Make Sure You’re Saving Enough to Support Your Desired Lifestyle

Accurately Estimating Retirement Expenses

Just how much are your golden years likely to cost? Sure, it’s relatively easy to go online and find retirement savings calculators that attempt to estimate your retirement needs. For instance, some models project that most retirees will need 60% to 70% of their current income upon retirement. While these generic guidelines certainly work fine as a starting point, most Americans could definitely benefit from additional sound financial advice as they try to make sure they will have enough assets to see them through retirement. Underestimating yearly expenses by even a few percentage points can have quite a significant impact over a 20- or 30-year retirement time frame.

Start from Scratch

Coming up with a reasonably accurate expense forecast typically requires projecting each expense separately, taking into account fiscal changes during retirement. Keep in mind that some current expenses should decrease. For example, you probably won’t be spending as much on current job-related costs such as commuting and business attire. Additionally, should you be able to pay off your mortgage in full before retirement, you will not have that expense going forward. Once you’re fully retired, you will no longer need to save money for retirement (though you may still need to save some money each year). Some retirees may also be able to reduce the amount of life insurance coverage they have. After all, they will no longer need it to replace the income they had earned while they were employed. Child-rearing expenses also tend to decrease. Most parents hope that, by the time they retire, their children will be out of the house and supporting themselves.

Expenses are Likely to Rise

While it’s tempting to assume that most expenses will decrease in retirement, that’s not always the case. A few of them are more likely to increase and in some cases significantly. One of the most important expenses you should consider is health care. According to Fidelity Benefits Consulting, a couple that retires at age 65 can expect to spend an estimated $220,000 on health care costs during retirement. Of importance to note, this is after accounting for expenses which will be covered by Medicare. The estimate assumes that the husband will live to age 82 and the wife to age 85, which means their costs will average $11,000 annually.

Moreover, some housing-related expenses are likely to increase:

  •  Property taxes tend to head in only one direction . . . and it isn’t down. Even modest annual increases in taxes can be significant over time. A tax bill of $1,000 will increase to nearly $1,500 over 20 years with an annual increase of just 2%, and in many parts of the country the taxes may be higher than those noted in the example above.
  •  You may need to hire others to perform chores that might become more difficult to handle yourself as you age, such as shoveling snow or mowing the lawn, or even cooking and cleaning.
  • You may also find it necessary to modify your home in order to make it easier to navigate or even just to maintain during your retirement.
  •  Even if you downsize, you may need to do some renovations in your new home or condominium. You may also need to pay association fees which you were not incurring previously.

Also keep in mind, even though you’re no longer working, you may still have to pay income taxes. Some IRA withdrawals and social security benefits can be taxable, and of course your income from assets held in nonretirement accounts is also generally taxable. In addition, you may lose some tax deductions you currently are able to take advantage of. For example, if you pay off your mortgage before retirement (which typically is recommended), you will no longer have mortgage interest to deduct on your tax returns.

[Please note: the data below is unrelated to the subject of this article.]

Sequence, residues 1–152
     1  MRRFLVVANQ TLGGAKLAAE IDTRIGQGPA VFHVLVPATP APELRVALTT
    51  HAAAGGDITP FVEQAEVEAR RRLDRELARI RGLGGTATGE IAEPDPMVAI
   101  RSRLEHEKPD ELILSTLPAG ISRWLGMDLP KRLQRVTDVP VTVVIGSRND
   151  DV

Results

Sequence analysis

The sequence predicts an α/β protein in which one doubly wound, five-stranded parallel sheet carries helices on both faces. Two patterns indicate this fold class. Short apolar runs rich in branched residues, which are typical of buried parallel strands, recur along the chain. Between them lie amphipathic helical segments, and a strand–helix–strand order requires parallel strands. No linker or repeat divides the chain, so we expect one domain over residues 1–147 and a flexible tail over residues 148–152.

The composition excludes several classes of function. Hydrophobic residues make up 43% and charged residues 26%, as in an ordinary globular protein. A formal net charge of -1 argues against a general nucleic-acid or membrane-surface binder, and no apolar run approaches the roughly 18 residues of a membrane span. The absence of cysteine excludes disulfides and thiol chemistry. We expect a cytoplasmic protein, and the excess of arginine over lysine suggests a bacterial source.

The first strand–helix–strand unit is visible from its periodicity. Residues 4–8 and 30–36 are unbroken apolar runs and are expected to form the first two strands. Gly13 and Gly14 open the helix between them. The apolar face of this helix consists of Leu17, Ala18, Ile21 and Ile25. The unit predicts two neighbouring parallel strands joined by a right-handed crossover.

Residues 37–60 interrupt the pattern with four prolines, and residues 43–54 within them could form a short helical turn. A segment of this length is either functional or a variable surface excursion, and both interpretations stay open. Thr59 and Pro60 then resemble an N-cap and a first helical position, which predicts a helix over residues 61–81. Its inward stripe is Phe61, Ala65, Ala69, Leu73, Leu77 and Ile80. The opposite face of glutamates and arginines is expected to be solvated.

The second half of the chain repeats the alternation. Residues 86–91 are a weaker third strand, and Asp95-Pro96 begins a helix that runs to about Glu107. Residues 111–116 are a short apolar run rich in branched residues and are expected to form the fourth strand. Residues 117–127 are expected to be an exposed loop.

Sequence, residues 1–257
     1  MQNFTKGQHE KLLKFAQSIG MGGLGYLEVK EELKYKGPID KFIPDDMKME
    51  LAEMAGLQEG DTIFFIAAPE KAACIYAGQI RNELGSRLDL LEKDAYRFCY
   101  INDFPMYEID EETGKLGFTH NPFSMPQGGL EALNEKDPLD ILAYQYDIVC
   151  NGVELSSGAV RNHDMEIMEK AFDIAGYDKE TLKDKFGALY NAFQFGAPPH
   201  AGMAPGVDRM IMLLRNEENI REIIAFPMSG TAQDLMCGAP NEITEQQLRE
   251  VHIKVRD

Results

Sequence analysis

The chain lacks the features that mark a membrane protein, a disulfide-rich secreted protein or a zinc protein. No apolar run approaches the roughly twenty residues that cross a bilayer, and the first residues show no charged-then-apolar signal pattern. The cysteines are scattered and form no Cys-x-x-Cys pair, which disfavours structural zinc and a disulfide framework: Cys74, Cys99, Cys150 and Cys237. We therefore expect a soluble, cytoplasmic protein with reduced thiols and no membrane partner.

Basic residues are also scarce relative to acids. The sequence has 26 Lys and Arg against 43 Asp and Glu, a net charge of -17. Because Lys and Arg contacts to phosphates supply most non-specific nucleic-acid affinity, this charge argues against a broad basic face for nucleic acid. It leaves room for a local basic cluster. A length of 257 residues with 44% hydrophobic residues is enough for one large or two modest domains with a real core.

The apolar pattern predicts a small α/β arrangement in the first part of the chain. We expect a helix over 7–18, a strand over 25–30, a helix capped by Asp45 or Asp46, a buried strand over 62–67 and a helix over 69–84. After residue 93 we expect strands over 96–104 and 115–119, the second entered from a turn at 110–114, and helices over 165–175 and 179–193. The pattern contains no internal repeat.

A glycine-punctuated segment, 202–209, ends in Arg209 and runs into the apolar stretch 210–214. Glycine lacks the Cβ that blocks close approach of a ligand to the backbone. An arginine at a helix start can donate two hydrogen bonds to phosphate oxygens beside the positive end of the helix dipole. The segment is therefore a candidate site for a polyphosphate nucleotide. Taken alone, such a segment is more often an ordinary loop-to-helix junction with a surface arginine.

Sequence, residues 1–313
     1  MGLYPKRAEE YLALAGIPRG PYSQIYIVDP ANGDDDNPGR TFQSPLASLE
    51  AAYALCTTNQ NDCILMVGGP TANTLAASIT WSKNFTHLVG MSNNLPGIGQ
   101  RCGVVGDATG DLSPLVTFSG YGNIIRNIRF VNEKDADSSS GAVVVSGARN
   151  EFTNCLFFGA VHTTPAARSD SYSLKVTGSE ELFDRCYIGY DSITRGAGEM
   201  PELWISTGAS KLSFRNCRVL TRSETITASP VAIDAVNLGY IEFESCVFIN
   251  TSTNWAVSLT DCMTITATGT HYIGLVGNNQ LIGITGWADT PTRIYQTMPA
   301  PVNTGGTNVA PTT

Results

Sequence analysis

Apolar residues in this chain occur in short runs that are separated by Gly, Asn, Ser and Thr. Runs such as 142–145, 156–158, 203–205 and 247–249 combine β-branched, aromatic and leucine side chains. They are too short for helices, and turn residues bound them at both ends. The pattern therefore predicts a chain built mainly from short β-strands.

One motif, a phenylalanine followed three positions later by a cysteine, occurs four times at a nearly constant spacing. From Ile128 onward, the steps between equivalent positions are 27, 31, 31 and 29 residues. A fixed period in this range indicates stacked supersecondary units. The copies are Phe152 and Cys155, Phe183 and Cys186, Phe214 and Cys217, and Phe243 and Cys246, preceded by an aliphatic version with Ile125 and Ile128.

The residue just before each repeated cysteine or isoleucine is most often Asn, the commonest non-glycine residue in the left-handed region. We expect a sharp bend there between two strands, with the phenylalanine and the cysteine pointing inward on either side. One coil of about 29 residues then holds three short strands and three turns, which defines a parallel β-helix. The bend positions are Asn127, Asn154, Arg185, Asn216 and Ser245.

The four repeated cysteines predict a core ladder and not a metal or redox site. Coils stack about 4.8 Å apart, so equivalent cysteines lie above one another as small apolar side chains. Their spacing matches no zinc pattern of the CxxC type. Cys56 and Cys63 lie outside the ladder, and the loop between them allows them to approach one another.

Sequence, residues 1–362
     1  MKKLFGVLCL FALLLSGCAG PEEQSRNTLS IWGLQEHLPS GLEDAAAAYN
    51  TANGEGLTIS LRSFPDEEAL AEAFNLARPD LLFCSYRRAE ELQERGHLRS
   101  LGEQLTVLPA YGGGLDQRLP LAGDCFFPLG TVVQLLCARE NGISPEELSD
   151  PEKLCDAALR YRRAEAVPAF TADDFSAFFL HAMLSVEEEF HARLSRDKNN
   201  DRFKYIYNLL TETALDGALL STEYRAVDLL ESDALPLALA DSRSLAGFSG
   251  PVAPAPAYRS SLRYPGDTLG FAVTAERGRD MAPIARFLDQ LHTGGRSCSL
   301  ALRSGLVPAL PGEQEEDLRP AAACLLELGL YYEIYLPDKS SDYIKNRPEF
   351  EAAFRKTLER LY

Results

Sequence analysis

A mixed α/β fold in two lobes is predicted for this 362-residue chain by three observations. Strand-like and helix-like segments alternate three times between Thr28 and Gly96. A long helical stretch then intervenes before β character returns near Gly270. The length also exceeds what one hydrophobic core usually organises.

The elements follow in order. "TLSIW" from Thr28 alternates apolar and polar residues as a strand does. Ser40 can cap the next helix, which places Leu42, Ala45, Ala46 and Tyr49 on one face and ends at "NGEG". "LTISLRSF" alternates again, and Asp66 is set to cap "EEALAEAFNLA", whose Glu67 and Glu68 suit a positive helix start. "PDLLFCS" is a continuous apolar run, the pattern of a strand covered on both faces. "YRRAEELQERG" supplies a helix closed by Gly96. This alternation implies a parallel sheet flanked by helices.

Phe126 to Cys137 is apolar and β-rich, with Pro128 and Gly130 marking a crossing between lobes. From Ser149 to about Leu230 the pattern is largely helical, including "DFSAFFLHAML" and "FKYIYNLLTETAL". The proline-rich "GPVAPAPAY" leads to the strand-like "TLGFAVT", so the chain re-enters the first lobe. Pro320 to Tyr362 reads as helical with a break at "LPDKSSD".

Finally, although having more time to travel and become involved in other hobbies and pastimes is a true benefit of retirement, these activities almost always require some money. So, make sure that you include an allocation for this in your budget.

Projecting (and Protecting) Your Future

Carefully projecting your retirement expenses offers several benefits. Most important, it can help you determine how much you need to save now in order to ensure a comfortable retirement. The exercise can also assist you in thinking through just how you would like to be able to spend your time, once you’re no longer in the job market full time.

Your financial advisor can also help you to develop reasonable projections of all of your expenses in retirement. They can also help you determine the amount that you will need to save currently for your retirement, and advise on ways to help you achieve these goals.

Sidebar: Don’t Let “Unexpected” Expenses Drain Your Coffer

When it comes to expenses that are unpredictable — such as the inevitable car and appliance repairs — it makes sense to budget an annual allowance. To start the process, total up the money you’ve spent on such repairs and other “unexpected” expenses over the past few years to arrive at an average amount per year. Then, depending on your situation, you may want to increase the number over time, given that repairs tend to become more frequent as products age. Also, be aware of the potential for more significant expenditures. For instance, if you would want to assist an adult child who needs financial support due to a divorce or job loss, make sure you factor this in your financial planning.

Most critical, be sure to consider the “bite” that inflation can take on your budget. A monthly food budget of $400 increases to nearly $600 in 10 years, given a 4% annual inflation rate.

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